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First Thoughts: How we got here

President Barack Obama meets with Congressional leaders regarding the debt ceiling, Wednesday, July 13, 2011, in the Cabinet Room at the White House in Washington.
President Barack Obama meets with Congressional leaders regarding the debt ceiling, Wednesday, July 13, 2011, in the Cabinet Room at the White House in Washington.Charles Dharapak / AP file photo

With the clock ticking until the sequester cuts, explaining how we got here… Failed assumptions, failed Grand Bargains… Boehner to appear on “Meet”… When does the sequester take effect? Answer: Anytime before 11:59 pm ET on March 1… Senate confirms Lew as Treasury secretary, while John Brennan gets bumped to next week… And why Iowa is so important to 2014.

*** How we got here: With Washington headed -- inexorably -- to Friday’s deadline when the automatic across-the-board spending cuts take effect, there’s a natural question to ask: How did we get here and why didn’t the sequester work as intended? Well, here’s our quick answer: First, Republicans, fueled by the Tea Party and their gains in the 2010 midterms on a message of cutting back the size of government, demanded that they would raise the debt limit only accompanied by equal spending cuts. (Prior to that, debt-ceiling increases had been fairly routine exercises for all past administrations.) Second, after agreeing to some spending cuts, the Obama White House and congressional Republicans couldn’t agree how to reduce the deficit by an additional $1.2 trillion over 10 years (to raise the debt limit by that much because the White House wanted to avoid another debt-ceiling showdown before Nov. 2012), so they created the sequester. That mechanism ($600 billion cuts in defense spending cuts that Republicans weren’t supposed to like; $600 billion in non-defense spending cuts that Democrats weren’t supposed to like) was intended to be so draconian that it would force the two parties to make a deal. As we know, it was the brainchild of Jack Lew, a veteran of the budget wars of the ‘80s, the first time the word “sequester” entered the Washington lexicon.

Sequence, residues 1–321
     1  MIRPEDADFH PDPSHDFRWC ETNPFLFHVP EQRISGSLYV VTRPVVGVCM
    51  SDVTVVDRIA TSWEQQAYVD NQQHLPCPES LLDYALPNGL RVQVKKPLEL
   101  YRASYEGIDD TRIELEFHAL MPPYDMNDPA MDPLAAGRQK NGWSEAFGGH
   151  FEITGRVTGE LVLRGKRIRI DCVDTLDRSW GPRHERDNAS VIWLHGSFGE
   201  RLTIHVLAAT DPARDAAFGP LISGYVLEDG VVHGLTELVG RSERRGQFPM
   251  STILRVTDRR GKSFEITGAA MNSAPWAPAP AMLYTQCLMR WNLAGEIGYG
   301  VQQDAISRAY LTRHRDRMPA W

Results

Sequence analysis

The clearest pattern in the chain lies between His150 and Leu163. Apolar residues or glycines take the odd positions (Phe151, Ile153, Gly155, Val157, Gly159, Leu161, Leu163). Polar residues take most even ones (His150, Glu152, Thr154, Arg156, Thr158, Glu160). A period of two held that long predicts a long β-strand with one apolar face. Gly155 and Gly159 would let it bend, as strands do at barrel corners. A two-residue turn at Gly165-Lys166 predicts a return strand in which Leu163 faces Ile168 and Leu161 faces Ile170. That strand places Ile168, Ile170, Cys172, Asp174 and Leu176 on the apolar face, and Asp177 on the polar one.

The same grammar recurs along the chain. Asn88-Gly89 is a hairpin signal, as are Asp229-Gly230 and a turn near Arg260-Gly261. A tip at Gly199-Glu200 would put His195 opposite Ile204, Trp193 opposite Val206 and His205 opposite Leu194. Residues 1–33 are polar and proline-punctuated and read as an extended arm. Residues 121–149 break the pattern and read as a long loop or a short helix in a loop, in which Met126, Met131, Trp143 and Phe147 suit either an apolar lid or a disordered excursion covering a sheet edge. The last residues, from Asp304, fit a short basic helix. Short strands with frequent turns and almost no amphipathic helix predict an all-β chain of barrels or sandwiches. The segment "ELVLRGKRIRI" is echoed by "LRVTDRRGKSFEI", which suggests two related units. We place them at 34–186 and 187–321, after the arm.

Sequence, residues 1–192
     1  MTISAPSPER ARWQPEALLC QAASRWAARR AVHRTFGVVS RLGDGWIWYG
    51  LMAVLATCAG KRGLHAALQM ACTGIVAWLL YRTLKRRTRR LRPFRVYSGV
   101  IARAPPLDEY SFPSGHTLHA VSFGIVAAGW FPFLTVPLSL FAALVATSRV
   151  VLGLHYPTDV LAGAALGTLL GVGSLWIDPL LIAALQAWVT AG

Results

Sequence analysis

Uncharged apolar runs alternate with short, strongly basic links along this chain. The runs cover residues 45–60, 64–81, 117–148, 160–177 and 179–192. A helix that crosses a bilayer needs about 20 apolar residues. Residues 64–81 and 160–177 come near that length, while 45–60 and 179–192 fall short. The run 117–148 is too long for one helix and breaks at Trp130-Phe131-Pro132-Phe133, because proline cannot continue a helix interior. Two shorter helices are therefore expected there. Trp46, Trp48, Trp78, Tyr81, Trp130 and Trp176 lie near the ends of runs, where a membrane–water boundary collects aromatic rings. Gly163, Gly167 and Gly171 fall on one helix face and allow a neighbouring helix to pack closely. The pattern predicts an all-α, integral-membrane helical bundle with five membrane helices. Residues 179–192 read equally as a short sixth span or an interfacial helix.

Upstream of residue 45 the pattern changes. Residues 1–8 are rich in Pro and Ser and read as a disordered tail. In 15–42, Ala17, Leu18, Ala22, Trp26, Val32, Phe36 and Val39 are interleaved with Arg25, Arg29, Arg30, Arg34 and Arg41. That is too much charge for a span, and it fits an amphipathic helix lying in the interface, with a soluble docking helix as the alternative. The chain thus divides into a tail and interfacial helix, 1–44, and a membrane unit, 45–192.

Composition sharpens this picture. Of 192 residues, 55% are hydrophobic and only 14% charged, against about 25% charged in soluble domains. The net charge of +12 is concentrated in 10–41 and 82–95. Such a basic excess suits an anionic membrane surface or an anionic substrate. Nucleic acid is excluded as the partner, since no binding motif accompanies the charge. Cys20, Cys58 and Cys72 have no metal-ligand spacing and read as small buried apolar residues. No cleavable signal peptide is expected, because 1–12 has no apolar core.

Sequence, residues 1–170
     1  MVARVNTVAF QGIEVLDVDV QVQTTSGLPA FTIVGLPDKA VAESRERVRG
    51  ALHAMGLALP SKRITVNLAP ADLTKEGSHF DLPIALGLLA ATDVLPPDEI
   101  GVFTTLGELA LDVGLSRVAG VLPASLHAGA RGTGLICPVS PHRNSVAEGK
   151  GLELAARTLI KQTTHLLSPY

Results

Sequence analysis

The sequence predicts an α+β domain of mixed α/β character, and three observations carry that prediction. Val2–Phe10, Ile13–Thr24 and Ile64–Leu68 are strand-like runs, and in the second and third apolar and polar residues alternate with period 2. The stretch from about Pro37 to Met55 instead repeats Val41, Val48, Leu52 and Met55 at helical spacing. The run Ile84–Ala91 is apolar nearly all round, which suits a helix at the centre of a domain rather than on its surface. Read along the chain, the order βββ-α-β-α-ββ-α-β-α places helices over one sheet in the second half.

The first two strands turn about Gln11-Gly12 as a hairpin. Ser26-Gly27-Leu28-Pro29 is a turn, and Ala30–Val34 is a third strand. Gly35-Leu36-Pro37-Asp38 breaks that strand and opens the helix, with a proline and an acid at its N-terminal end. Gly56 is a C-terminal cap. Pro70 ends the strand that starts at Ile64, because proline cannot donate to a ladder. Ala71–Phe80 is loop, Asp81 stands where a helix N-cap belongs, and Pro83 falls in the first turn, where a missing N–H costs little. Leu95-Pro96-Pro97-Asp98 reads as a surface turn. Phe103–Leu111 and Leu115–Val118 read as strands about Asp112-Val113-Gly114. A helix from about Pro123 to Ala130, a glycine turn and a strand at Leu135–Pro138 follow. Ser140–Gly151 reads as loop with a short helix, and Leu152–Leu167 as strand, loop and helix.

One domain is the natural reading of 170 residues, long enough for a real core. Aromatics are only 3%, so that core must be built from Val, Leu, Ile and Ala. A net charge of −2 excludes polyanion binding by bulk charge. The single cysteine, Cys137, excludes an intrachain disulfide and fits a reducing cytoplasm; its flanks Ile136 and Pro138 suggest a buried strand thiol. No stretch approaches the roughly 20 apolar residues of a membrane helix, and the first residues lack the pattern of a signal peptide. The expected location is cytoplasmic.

*** Failed assumptions, failed Grand Bargains: Third, the assumption that the cuts would force a compromise turned out to be incorrect. Whether it was during the Super Committee, the fiscal-cliff negotiations, or now, those spending cuts -- especially on defense -- weren’t enough to strike a deal. As it turns out, the deficit-hawk wing of the GOP got only larger in both the House and Senate. Fourth, all attempts for a Grand Bargain failed: In 2011, both sides retreated to let the election decide the fiscal fight. And at the end of 2012, they dealt only with the expiring Bush-era tax cuts (and not the sequester or increasing the debt ceiling again). Fifth and finally, that fiscal-cliff deal on the Bush tax cuts created a TREMENDOUS amount of intra-party blowback for House Speaker John Boehner, which only made resolving this sequester standoff even more difficult. (After all, remember that it wasn’t too long ago when the big discussion in DC was whether Boehner would lose his speakership.) And just as importantly, folks like Senate Minority Leader Mitch McConnell and Sen. John Cornyn -- who are both up for re-election next year and both have colleagues from their states who have become Tea Party stars (Rand Paul, Ted Cruz) – are probably more reluctant to make a deal than ever before. Bottom line: The Senate escape hatch that saved the day during the fiscal-cliff fight isn’t there right now.